Archive for the ‘Loons and other lake residents’ Category

Success! We have one loon chick.

Thursday, July 6th, 2017

This morning I observed an adult loon near the nesting raft swimming with a single loon chick. As I observed, the chick swam behind the adult and then tucked in under a lifted wing. The adult then swam a little ahead and the chick quickly caught up again. Unless there was another chick still in the nest or perhaps under the other wing, it would appear that we have just one chick from this year’s efforts. We have kept an eye on the nesting loons several times each day and this is the first sighting of a chick. At all other times there was a loon on the nest while the other one was either down the lake or swimming nearby. The only change in behavior during the past couple days is that the loon on the nest was more often sitting upright and turning its head back and forth in a more vigilant manner (as opposed to the usual posture of hunkering down low with its head parallel to the water). Also, yesterday evening the second loon was lingering very close to the nesting raft rather than venturing off. This suggested to us that something was different.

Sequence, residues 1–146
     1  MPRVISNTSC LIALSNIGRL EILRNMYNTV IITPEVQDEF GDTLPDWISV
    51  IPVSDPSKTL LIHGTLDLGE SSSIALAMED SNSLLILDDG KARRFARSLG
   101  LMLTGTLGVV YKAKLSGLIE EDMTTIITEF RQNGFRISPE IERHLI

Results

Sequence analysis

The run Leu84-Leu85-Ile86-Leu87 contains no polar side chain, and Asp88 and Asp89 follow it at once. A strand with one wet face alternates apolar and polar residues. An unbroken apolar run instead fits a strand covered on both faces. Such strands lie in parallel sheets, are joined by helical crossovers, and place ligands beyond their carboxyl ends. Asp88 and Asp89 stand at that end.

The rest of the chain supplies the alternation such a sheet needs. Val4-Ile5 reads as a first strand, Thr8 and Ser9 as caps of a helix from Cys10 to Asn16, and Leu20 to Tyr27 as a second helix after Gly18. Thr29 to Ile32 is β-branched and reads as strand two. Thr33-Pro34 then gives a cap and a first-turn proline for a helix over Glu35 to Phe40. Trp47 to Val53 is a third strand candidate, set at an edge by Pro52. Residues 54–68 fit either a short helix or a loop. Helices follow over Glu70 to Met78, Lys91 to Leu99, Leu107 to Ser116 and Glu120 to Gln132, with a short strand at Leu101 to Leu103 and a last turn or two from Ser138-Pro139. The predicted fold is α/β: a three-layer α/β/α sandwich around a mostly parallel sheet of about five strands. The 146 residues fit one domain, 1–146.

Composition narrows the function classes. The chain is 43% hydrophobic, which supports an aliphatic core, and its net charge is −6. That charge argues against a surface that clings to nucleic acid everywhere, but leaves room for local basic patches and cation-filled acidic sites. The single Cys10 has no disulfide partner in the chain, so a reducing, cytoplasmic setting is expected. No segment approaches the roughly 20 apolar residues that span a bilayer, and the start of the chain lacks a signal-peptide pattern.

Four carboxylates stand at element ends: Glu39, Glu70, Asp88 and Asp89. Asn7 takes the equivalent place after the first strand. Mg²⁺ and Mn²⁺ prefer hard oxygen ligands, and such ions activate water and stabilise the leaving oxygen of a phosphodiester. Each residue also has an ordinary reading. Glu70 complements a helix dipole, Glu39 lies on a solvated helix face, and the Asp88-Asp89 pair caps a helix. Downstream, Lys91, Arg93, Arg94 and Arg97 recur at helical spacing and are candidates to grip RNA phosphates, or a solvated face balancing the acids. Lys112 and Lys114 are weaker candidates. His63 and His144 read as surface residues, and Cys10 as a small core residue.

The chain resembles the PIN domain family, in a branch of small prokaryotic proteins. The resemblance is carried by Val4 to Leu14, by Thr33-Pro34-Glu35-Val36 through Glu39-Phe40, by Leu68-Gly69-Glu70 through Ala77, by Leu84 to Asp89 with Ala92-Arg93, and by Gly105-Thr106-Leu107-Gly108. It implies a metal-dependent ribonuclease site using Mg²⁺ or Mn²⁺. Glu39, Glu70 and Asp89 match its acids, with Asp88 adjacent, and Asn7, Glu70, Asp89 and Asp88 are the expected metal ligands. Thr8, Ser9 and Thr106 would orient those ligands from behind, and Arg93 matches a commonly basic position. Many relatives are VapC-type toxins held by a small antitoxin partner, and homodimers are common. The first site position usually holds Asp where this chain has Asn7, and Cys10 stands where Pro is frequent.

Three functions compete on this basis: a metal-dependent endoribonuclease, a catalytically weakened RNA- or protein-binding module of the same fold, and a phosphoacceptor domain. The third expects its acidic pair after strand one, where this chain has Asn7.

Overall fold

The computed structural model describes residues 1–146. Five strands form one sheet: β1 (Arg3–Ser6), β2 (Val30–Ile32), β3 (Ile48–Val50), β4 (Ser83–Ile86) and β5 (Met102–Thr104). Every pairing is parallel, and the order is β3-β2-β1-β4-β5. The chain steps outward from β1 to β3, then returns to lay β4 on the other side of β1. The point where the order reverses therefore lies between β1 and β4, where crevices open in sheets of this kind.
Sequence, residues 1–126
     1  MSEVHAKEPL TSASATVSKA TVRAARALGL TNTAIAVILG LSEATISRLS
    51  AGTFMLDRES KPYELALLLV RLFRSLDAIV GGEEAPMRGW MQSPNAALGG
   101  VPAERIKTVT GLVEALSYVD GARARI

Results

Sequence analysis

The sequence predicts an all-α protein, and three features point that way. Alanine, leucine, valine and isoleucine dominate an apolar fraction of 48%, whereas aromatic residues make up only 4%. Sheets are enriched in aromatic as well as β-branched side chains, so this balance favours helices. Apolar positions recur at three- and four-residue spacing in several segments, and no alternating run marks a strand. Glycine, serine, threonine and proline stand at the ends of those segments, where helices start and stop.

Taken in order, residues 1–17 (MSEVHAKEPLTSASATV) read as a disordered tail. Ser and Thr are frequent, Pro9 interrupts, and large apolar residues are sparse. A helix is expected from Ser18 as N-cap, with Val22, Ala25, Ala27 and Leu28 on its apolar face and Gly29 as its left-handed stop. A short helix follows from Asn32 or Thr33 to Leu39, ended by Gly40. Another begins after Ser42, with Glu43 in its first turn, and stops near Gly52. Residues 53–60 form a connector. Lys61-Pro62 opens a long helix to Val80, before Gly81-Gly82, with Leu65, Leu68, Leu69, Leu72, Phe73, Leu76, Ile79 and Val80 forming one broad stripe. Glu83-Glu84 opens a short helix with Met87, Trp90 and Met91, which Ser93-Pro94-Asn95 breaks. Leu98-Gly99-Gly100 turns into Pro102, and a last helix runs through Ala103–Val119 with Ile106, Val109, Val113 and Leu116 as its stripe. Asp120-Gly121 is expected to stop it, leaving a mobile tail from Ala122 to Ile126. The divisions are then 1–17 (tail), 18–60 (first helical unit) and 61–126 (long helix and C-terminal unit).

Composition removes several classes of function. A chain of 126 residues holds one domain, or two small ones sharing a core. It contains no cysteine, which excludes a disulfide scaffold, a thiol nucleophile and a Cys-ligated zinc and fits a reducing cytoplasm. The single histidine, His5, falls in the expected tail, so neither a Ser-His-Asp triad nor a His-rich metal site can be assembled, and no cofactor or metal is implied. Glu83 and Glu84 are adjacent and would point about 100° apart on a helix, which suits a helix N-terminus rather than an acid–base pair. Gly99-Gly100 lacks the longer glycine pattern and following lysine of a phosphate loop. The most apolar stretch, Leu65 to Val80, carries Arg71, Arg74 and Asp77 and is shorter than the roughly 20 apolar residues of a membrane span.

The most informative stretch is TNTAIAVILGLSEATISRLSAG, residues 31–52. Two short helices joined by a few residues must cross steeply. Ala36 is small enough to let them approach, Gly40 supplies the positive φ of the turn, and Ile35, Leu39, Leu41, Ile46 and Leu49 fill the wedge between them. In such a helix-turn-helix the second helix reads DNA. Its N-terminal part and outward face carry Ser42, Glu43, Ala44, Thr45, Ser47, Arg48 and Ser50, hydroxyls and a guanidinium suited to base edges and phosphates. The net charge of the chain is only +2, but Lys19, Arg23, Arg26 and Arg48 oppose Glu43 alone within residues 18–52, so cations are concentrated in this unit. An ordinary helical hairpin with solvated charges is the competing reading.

The nesting raft worked wonderfully (even during the recent high water following the floods this past weekend) and this particular corner of the north end was well protected and easy to cordon off with the six warning buoys you gave us. I observed a variety of boats in the area but they always respected the signs. The vegetation on the raft provided good shelter and shade on hot days. Good work!

(above is a letter from a nearby resident to the scientist from Vermont Center for Ecostudies who has been so helpful)

Our Young Loon is Learning to Fly

Monday, October 17th, 2016

Just in time for his/her first migration.

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Photo: Jim and Sharon Morgan

Q and A with Loon Expert Eric Hanson

Friday, September 2nd, 2016

Inspired by the Lake Fairlee loons, Vermont’s loon expert was kind enough to answer some (mostly serious) questions for Northern Woodlands about loons generally.

 

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Click on the image above to read the interview with Eric Hanson, a biologist for the Vermont Loon Conservation Project, on the Northern Woodlands website.